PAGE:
Technology and form : iron construction and transformation of architectural ideals in nineteenth century France, 1830-1889.
Iron construction and transformation of architectural ideals in nineteenth century France, 1830-1889
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This dissertation investigates the transformation of architectural ideals brought about by the development of iron construction during the nineteenth century in France. The emergence of iron construction paralleled the crisis of neoclassicism, in which an ambiguous compromise between classical formal norms and modem science and technology was already manifest in the iron reinforced lintel. In the crisis of neoclassicism, iron, with its impact on both technological and formal aspects of architecture, emerged as a symbolic material to create a new style of modem architecture among utopians and rationalists. However, iron construction could not create a new style on its own; nor did there exist absolute formal aesthetic principles to impose on the construction. This is a fundamental dilemma of modem architecture, an inherent contradiction of bourgeois culture. Structural rationalists during the second half of the nineteenth century tried to resolve this contradiction by attempting to create a new style of architecture based on material and constructional rationality and reason. However, their inability to create a new style was finally proved in the last decade of the nineteenth century when the Art Nouveau exploitation of iron became a passion for individual fantasies, while engineers declared the triumph of their iron construction. Subsequent rationalists' change of the material signifier of architectural modernity from iron to reinforced concrete testified to the fundamental gap between technology and form, and the dilemma of bourgeois rationalism. Early twentieth century modernist historians rediscovered nineteenth century iron construction as a precursor of modem architecture, constructing an evolutionary history of modem architecture based on the rationalist constructive tradition, from iron construction to reinforced concrete architecture. However, their "discovery" of iron construction was purely an aesthetic invention of the twentieth century based on modernist avant garde aesthetics. Behind their apparent reconciliation of modem technology and architecture lay the aestheticization of material and construction, and the subjectivization of architecture. Thus, this dissertation analyzes the displacement of architectural discourses on iron construction from an objective construction to a subjective aesthetics. This shift characterized the further development of modem architecture and its mode of existence in modem society in relation to the development of modem technology.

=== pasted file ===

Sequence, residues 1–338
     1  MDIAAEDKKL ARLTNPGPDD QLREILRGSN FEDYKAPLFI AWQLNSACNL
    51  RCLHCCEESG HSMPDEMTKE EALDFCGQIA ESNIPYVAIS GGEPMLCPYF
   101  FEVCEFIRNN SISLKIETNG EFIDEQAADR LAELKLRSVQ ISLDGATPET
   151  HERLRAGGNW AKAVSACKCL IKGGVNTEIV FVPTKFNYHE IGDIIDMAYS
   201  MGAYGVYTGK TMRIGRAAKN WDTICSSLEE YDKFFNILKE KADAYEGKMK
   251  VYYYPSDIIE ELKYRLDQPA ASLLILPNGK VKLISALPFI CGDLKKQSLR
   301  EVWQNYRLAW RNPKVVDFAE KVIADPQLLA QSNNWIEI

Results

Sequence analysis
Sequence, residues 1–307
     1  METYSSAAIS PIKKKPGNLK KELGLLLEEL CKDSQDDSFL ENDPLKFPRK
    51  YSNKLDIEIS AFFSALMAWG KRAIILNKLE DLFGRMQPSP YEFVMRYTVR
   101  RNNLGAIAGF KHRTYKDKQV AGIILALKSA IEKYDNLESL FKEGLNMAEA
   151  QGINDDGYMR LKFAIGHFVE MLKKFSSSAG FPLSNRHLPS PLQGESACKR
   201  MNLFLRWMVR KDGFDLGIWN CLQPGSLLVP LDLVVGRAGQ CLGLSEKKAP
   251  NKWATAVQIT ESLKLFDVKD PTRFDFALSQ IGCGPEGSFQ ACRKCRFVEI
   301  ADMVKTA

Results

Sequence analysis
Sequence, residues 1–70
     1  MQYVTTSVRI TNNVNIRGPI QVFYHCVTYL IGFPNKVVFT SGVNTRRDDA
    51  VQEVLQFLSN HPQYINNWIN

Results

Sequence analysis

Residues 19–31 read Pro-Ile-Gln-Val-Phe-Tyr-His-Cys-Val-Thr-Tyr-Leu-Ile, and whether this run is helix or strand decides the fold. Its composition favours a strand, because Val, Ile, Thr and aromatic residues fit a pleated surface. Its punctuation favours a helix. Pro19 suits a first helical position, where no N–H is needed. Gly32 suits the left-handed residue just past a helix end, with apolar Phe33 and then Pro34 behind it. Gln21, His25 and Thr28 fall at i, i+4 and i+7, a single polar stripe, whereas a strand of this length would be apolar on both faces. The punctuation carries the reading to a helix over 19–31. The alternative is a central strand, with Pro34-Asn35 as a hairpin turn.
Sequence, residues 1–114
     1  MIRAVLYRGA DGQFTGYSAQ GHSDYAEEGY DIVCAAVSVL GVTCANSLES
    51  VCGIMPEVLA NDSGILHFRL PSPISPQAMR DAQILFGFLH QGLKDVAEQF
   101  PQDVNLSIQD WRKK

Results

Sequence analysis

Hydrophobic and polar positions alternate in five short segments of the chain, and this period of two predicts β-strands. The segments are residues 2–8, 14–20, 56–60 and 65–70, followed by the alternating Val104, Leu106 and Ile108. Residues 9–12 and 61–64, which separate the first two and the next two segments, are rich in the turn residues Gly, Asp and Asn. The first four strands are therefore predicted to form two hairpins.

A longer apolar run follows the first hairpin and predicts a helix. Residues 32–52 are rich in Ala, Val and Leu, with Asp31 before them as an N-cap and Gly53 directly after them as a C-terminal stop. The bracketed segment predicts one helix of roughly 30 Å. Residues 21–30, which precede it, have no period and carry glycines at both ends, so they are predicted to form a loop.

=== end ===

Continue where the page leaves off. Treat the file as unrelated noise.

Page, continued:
Thesis (Ph. D.)--Massachusetts Institute of Technology, Dept. of Architecture and Planning, 1996.Includes bibliographical references (leaves 317-339).
DepartmentMassachusetts Institute of Technology. Dept. of Architecture; Massachusetts Institute of Technology. Dept. of Urban Studies and Planning
Massachusetts Institute of Technology
Architecture, Urban Studies and Planning